“The advanced composite market is poised for dramatic growth,” said Purdue President Mitch Daniels. “This important public-private partnership has a strong research, development and deployment mission, establishing a major sector of our manufacturing economy focused on advancing the use of composite materials such as carbon fiber to make lighter-weight cars, wind turbines, natural gas storage tanks and other products.

“The funding support from the U.S. Department of Energy and an impressive lineup of research universities, major U.S. manufacturers and industry players, and six state economic development agencies will help spark a dramatic reduction in our reliance on fossil fuels while also creating quality jobs, companies and industries as a part of this economic revolution.”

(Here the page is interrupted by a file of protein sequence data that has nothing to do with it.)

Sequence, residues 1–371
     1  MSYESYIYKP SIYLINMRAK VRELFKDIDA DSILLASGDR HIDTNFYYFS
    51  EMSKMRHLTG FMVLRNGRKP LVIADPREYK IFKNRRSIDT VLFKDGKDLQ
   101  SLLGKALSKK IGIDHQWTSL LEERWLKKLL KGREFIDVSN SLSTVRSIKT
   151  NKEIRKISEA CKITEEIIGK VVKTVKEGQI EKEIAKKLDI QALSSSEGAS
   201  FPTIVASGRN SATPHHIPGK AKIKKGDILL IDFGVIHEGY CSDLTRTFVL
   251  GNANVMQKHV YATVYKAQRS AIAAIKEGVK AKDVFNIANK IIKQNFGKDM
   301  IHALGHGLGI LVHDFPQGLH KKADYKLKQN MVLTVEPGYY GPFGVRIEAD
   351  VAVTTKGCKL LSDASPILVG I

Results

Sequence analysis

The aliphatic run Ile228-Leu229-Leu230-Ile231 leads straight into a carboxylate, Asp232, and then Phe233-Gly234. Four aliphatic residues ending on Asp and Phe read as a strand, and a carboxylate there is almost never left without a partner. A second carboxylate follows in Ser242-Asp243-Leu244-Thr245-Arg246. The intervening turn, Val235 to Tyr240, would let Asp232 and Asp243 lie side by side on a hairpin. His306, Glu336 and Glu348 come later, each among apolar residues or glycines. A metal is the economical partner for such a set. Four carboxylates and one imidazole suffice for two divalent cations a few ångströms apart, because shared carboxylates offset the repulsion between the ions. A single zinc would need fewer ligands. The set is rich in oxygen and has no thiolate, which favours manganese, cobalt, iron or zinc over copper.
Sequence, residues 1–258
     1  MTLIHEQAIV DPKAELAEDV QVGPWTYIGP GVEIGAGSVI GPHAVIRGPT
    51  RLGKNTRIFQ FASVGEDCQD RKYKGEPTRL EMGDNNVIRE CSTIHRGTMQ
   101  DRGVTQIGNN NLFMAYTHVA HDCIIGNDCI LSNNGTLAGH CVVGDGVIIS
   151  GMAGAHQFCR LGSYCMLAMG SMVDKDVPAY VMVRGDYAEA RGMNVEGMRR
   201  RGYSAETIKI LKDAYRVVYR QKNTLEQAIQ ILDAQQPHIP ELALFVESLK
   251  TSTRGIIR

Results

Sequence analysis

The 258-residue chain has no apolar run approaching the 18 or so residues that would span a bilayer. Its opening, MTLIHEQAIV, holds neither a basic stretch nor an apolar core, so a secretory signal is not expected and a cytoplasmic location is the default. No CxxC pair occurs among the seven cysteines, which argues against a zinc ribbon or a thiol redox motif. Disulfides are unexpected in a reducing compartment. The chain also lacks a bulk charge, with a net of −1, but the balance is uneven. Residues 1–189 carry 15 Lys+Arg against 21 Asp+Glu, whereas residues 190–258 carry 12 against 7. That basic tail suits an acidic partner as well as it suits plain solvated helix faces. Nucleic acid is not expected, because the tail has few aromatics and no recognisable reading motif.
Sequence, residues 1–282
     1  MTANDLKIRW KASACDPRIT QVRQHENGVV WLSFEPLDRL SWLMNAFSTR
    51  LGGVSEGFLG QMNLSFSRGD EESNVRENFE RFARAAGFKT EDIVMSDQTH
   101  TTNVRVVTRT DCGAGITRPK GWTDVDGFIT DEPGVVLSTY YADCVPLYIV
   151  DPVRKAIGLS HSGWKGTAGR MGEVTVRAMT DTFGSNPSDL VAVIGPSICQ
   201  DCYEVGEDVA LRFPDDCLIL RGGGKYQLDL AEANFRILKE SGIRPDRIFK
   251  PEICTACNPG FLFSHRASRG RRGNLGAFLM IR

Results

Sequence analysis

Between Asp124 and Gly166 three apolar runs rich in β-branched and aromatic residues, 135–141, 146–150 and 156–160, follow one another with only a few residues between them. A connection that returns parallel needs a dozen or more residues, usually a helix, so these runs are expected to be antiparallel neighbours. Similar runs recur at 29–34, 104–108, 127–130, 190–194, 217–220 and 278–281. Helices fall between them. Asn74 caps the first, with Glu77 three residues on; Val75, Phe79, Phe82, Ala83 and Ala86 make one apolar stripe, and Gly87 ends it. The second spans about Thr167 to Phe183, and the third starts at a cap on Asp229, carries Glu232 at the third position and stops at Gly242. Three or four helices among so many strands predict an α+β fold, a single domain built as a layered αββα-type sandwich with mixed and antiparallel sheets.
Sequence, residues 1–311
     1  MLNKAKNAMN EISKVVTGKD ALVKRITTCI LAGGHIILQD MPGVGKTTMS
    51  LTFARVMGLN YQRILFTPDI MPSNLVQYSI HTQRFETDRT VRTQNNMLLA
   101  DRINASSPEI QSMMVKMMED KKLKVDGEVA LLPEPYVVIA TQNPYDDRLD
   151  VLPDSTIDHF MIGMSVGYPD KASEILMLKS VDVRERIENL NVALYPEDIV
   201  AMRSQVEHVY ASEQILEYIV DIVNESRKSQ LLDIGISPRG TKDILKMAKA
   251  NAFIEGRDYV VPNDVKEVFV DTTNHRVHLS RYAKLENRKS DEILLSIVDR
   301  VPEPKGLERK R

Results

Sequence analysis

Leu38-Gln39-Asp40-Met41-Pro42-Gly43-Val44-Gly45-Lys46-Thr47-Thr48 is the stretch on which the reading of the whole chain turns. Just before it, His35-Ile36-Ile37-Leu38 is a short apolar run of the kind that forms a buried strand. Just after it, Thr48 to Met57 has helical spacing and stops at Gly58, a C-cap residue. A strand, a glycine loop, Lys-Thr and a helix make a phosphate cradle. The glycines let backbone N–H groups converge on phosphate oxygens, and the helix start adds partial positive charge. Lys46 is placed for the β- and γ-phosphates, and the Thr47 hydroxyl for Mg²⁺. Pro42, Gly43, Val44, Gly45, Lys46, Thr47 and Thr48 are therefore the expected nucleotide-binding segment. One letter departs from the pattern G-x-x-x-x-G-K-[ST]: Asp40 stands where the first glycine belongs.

Used in everything from skateboards and airplanes to components on the space shuttle, advanced composite materials have broad, proven applications because of their lightweight properties and unusually high stiffness while also remaining elastic.

“Composite materials are revolutionizing the manufacturing sector, especially in Indiana,” said Indiana Secretary of Commerce Victor Smith. “As the national leader in manufacturing job growth last year, Hoosiers were already well-positioned to take the lead in advancing this technology. With this added bolt of support, composite material technology will help lift the future of advanced manufacturing in Indiana in partnership with our universities, national labs and neighboring states. Automobiles, campers, household products and even space vehicles are stronger with composite-material technology, as is our Indiana economy and Hoosier job creation.”